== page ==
This seems like a good place to describe a simple, fast, and more than reasonably accurate way to compute slopes for a globally extensive DEM.
Recall that the slope of a surface at a point is essentially the largest ratio of "rise" to "run" encountered at all possible bearings from that point. The issue is that when a projection has scale distortion, the values of "run" will be incorrectly computed. Even worse, when the scale distortion varies with bearing--which is the case with all projections that are not conformal--how the slope varies with bearing will be incorrectly estimated, preventing accurate identification of the maximum rise:run ratio (and skewing the calculation of the aspect).
We can solve this by using a conformal projection to ensure that the scale distortion does not vary with bearing, and then correcting the slope estimates to account for the scale distortion (which varies from point to point throughout the map). The trick is to use a global conformal projection that allows a simple expression for its scale distortion.
The Mercator projection fits the bill: assuming scale is correct at the Equator, its distortion equals the secant of the latitude. That is, distances on the map appear to be multiplied by the secant. This causes any slope calculation to compute rise:(sec(f)*run) (which is a ratio), where f is the latitude. To correct this, we need to multiply the computed slopes by sec(f); or, equivalently, divide them by cos(f). This gives us the simple recipe:
Compute the slope (as rise:run or a percent) using a Mercator projection, then divide the result by the cosine of the latitude.
To do this with a grid given in decimal degrees (such as an SRTM DEM), perform the following steps:
Create a latitude grid. (This is just the y-coordinate grid.)
Compute its cosine.
Project both the DEM and the cosine of the latitude using a Mercator projection in which scale is true at the Equator.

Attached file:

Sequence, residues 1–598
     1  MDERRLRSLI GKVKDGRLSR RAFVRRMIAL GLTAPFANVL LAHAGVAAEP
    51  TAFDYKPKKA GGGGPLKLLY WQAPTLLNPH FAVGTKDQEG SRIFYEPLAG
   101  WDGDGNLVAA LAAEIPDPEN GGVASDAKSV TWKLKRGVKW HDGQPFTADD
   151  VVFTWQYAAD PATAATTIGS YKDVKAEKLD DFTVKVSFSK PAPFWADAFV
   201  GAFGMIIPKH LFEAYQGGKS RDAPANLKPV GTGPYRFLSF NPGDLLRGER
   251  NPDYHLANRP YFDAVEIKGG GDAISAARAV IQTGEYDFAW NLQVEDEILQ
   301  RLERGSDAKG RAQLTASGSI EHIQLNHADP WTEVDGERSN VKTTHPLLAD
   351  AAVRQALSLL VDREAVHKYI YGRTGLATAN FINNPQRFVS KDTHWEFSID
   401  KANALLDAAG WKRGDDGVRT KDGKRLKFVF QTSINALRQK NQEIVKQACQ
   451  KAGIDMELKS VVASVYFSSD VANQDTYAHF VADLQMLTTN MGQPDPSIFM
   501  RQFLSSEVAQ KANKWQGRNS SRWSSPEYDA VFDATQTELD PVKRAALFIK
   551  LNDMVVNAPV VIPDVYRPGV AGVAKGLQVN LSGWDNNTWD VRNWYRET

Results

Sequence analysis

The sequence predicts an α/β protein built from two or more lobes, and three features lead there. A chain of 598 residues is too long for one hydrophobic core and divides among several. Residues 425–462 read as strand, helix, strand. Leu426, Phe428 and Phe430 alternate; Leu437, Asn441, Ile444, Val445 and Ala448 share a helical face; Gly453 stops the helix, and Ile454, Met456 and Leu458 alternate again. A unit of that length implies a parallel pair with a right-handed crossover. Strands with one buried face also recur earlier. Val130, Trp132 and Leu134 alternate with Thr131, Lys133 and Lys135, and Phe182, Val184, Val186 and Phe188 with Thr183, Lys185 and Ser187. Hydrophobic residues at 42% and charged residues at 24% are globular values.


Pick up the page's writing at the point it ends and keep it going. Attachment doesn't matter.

If necessary, convert the elevation units to agree with the units of the projected coordinates (usually meters).
Compute the slope of the projected DEM either as a pure slope or a percent (not as an angle).
Divide this slope by the projected cosine(latitude) grid.
If desired, reproject the slope grid to any other coordinate system for further analysis or mapping.
The errors in the slope calculations will be up to 0.3% (because this procedure uses a spherical earth model rather than an ellipsoidal one, which is flattened by 0.3%). That error is substantially smaller than other errors that go into slope calculations and so can be neglected.
Fully global calculations
The Mercator projection cannot handle either pole. For work in polar regions, consider using a polar Stereographic projection with true scale at the pole. The scale distortion equals 2 / (1 + sin(f)). Use this expression in place of sec(f) in the workflow. Specifically, instead of computing a cosine(latitude) grid, compute a grid whose values are (1 + sin(latitude))/2 (edit: use -latitude for the South Pole, as discussed in the comments). Then proceed exactly as before.
For a complete global solution, consider breaking the terrestrial grid into three parts--one around each pole and one around the equator--, performing a slope calculation separately in each part using a suitable projection, and mosaicing the results. A reasonable place to split the globe is along circles of latitude at latitudes of 2*ArcTan(1/3), which is about 37 degrees, because at these latitudes the Mercator and Stereographic correction factors are equal to each other (having a common value of 5/4) and it would be nice to minimize the sizes of the corrections made. As a check of the computations, the grids should be in very close agreement where they overlap (tiny amounts of floating point imprecision and differences due to resampling of the projected grids ought to be the only sources of discrepancies).
John P. Snyder, Map Projections--A Working Manual. USGS Professional Paper 1395, 1987.